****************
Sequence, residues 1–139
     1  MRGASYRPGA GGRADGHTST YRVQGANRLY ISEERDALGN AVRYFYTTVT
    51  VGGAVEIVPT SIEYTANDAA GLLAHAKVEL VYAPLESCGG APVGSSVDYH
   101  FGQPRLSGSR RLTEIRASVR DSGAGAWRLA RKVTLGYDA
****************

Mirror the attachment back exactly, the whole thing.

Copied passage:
Sequence, residues 1–139
     1  MRGASYRPGA GGRADGHTST YRVQGANRLY ISEERDALGN AVRYFYTTVT
    51  VGGAVEIVPT SIEYTANDAA GLLAHAKVEL VYAPLESCGG APVGSSVDYH
   101  FGQPRLSGSR RLTEIRASVR DSGAGAWRLA RKVTLGYDA